Expertise Beyond the Numbers

The New ANA Template Should Make You Ask: How Well Do I Know My Agency?

In July, the Association of National Advertisers released a new template for contracts between agencies and their clients. The new version is an update of a template originally published in 2016, and the most newsworthy changes concern transparency—the need for clients to know that they’re dealing with an open and honest partner who has their best interests at heart.

This new template includes best practice contract language based on the findings of an extensive 2-year study of the advertising industry commissioned by ANA. Analysts for K2 Intelligence found that agencies commonly markup media purchased through related holding companies by 30 to 90 percent while simultaneously receiving benefits such as undisclosed rebates, just two elements of what the report’s authors call “a fundamental disconnect in the advertising industry about the basic nature of the advertiser-agency relationship.”

In a statement announcing the 2018 version of the contract template, ANA CEO Bob Liodice explained, “While significant progress has been made in bringing more transparency to the relationships between advertisers and media buying agencies, much more is needed. The new contract template is more comprehensive than the original and contains updates that address the current marketplace.” These updates include newly added or amended definitions of terms relating to disclosures and markups.

True agency partners will embrace these increased transparency measures because they know that honesty and trust build success in collaboration. That’s why you should be as aggressive as possible in pursuing the most transparency from your agency. Here’s how.

Good Contracts Build Confidence

K2’s analysts described the fundamental disconnect in the industry as “advertisers expressed a belief that their agencies were duty-bound to act in their best interests. They also believed that this obligation, essentially a fiduciary duty, extends beyond the stated terms in their agency contracts. While some agency executives expressed similar beliefs, others told K2 that their relationship to advertisers was solely defined by the contract between the two parties.” In other words, agencies speak in contracts, so yours needs to account for absolutely every contingency.

Templates like ANA’s are a good start to understanding the state of the market. But as the market evolves, periodic audits can facilitate and maintain the best level of transparency and partnership over time. It’s not enough to make a thorough contract unless you’re able to validate commercial terms, key performance indicators and dig deep into the supply chains, workflow, and expenses that accompany advertising work. Additionally, we all know that turnover happens, and chains of command can change. Effective contract and agency management requires agreements to be revisited and reassessed as those changes take place, to ensure that new stakeholders, both internally and with the agency, are up to speed and aligned.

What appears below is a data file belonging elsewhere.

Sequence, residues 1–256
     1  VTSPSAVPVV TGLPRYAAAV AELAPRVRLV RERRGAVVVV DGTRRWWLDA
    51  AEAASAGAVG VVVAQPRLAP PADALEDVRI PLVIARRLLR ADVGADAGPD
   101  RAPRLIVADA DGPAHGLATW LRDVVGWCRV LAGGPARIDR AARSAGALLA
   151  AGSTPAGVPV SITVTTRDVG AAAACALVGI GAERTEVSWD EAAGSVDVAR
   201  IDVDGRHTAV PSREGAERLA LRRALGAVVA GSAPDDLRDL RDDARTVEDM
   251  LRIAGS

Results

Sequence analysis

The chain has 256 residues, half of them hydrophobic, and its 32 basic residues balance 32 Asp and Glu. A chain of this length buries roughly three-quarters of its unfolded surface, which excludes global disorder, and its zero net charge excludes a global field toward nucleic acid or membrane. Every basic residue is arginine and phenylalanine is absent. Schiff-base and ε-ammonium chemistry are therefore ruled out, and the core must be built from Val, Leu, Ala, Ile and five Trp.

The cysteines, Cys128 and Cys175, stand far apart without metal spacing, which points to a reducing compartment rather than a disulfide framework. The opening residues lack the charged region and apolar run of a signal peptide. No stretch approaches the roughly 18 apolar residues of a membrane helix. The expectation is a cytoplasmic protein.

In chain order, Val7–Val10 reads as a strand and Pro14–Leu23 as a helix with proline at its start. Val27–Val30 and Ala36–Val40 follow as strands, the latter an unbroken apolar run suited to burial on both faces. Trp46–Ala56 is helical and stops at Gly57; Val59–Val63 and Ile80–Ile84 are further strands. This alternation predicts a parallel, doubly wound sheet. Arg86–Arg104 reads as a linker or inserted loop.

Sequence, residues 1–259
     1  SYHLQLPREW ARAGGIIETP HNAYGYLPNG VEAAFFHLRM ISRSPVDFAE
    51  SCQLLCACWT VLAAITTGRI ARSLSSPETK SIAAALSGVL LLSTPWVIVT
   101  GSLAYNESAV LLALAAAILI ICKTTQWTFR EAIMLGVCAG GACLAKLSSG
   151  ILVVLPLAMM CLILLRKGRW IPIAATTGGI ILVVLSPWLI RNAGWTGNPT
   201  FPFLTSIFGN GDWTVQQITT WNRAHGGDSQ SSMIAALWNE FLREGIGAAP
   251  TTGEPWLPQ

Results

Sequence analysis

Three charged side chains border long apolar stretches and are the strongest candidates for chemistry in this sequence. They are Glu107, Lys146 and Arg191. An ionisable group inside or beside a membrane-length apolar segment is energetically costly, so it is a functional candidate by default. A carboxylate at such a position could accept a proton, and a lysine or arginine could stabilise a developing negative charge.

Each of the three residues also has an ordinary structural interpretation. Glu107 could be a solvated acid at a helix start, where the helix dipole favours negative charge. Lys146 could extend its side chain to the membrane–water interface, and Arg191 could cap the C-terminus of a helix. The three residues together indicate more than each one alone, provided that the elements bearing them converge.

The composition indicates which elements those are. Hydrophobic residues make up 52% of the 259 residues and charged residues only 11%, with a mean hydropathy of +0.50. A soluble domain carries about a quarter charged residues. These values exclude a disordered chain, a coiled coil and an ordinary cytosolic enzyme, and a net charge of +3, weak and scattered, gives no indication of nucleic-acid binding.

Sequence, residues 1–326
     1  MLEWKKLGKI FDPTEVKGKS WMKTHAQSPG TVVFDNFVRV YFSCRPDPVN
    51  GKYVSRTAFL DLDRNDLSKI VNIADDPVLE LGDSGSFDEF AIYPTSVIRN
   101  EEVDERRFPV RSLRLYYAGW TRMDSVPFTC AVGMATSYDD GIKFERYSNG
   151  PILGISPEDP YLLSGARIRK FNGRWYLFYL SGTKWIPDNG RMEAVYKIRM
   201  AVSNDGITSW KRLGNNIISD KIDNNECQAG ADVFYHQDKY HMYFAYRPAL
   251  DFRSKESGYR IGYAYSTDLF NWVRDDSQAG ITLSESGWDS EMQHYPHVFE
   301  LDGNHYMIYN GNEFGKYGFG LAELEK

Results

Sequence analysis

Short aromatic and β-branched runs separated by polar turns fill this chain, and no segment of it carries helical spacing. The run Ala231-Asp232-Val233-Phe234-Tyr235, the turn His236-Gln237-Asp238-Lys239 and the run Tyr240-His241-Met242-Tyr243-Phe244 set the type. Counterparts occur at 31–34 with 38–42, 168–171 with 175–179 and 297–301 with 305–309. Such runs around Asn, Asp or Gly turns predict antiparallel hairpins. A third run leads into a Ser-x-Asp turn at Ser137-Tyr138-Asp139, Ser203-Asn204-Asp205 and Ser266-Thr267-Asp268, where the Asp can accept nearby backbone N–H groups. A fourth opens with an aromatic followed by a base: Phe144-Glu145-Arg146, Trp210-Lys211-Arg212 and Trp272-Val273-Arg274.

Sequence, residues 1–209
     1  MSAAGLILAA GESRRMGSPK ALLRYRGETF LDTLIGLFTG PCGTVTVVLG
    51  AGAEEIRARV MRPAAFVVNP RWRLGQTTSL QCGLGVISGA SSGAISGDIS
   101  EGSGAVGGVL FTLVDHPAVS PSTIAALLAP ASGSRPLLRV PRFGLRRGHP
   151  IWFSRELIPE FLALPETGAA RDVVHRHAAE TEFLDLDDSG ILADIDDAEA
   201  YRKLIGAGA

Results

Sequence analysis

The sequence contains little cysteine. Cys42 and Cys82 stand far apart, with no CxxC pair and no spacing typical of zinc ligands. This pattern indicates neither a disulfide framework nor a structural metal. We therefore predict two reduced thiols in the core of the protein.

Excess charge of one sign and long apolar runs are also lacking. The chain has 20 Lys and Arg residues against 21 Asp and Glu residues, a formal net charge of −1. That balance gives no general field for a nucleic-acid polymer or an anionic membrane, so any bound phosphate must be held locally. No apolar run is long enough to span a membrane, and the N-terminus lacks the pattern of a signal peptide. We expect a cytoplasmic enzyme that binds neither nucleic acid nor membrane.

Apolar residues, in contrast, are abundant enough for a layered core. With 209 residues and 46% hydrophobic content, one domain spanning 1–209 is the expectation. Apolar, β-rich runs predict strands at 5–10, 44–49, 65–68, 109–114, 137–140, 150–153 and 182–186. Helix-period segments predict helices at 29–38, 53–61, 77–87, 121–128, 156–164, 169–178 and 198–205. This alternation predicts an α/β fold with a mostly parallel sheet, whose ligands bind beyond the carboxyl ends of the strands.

Tech is Transformative, for Good and Bad

Advertising is so deeply tied to technology that they’re barely separate industries. But you can be sure that whenever new screens and media channels open, agencies will be right behind to capitalize on the opportunity. As SC&H has written about before, the rush to prove untested expertise in new media is a common source of distrust between agencies and their clients. The K2 report showed that, for many years, too few agencies were giving accurate accounts of their abilities or the costs of their tech-based work. To ensure your company never falls prey to unnecessary markups, it’s worth investing in your own staff knowledge and talents for these services. If you know the true cost and value of new advertising media, or even have production or development ability in-house, you can maintain control over crucial parts of the production schedule and budget. Again, true partners will welcome the chance to work with a company who can bring those resources to the project and have a stake in their execution.

The ANA’s reports and evolving contract template show that trust and transparency between agencies and clients remains an industry-wide issue, and if not addressed, these can lead to troubling consequences. Luckily, the industry standard seems to have continued moving in the right direction, with clients requiring visibility into to agency processes and accounting records to ensure the relationship is operating as the contract intended. Understanding as much as you can about your collaborators and your industry is in your best interest— both financially and competitively.

To learn more about how to develop greater transparency, accountability, and trust with agencies and other key vendors, contact us to speak directly with a team member from SC&H Group’s Contract Compliance Audit Services practice.